Another thing was wrapping my bat and not taking my hands straight back. Little things that are tough to break. Definitely cleaning up my swing and helping me out. It is great.
Will pitch selection ultimately prove how far you can go and do you feel like you were being too aggressive at times in Eugene?
Jason Hagerty: Big-time. I started out doing well and then I always try to do more and more and more. I got myself into trouble once I started to struggle. I tried to do even more to get myself out of the slump and buried myself even more. That was another good experience that I learned. You can't do that, otherwise, you are going to fall into a hole.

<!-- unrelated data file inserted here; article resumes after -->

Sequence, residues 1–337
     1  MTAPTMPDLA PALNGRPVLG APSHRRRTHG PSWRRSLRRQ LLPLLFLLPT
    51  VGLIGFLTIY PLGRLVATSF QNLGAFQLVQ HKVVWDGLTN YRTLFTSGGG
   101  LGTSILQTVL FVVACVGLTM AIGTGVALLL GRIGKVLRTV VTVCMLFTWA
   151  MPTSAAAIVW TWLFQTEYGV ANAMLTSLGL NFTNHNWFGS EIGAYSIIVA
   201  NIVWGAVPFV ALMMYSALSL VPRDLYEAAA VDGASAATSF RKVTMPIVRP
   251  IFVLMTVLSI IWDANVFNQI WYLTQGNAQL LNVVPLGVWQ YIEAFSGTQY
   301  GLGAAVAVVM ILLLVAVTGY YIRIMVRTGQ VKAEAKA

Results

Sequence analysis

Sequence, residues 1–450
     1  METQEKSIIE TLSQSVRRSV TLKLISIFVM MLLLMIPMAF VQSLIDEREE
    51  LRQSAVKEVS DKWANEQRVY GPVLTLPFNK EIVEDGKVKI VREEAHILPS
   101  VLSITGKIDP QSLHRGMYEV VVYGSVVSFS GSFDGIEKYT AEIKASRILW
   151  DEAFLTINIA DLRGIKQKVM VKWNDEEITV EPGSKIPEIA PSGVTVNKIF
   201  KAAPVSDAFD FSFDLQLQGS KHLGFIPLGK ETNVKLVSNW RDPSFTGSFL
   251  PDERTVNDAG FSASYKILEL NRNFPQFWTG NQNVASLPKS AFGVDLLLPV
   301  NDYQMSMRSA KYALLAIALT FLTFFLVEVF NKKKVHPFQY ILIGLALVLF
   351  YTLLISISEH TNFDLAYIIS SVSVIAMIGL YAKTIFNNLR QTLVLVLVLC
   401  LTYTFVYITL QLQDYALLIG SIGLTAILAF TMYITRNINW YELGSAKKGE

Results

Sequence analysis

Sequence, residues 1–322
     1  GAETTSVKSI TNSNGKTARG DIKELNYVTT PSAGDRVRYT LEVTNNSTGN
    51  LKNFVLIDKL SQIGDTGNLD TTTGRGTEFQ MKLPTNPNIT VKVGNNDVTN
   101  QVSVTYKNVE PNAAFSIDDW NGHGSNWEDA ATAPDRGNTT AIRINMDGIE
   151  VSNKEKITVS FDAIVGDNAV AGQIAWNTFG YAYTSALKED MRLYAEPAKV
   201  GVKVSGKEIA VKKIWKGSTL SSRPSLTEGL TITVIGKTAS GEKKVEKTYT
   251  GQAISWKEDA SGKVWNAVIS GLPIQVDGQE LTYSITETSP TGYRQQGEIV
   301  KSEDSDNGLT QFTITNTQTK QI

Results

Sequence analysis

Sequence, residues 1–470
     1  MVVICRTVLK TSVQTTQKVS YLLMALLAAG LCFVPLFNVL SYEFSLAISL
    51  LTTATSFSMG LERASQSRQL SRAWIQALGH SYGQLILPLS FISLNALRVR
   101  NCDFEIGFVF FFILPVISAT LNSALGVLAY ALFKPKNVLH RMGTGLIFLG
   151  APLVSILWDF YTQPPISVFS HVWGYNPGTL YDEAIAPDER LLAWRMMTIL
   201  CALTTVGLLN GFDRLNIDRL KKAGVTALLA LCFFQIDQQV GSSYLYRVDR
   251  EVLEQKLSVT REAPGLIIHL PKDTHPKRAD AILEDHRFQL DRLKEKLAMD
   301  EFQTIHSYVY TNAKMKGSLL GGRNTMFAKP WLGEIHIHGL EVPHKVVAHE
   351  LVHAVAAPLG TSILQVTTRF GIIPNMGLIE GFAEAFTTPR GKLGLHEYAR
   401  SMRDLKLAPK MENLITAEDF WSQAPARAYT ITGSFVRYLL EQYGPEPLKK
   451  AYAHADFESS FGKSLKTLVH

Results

By failure, I learned a lot in my first year. I couldn't have asked for anything more. I know I am being optimistic about it. It could happen again. Hopefully, it won't. Hopefully, I can take the strides they have given me and take off.
How was it handling all the different pitchers at two levels? You are making adjustments on the fly for guys you barely know.
Jason Hagerty: In Triple-A, I had never caught any of those guys. It was different learning them, especially at that level. They have such high expectations of the catcher because they are at the level right below the big leagues. They are trying to get there and trying to have a great outing every time.
I just tried to learn their tendencies. It's all the same. Once you get a feel for the pitcher and know what their pitches are, you can take off from there.
It was difficult in Arizona too. A lot of young pitchers. but it is all part of the game. If you don't make adjustments, you are not going to learn and improve.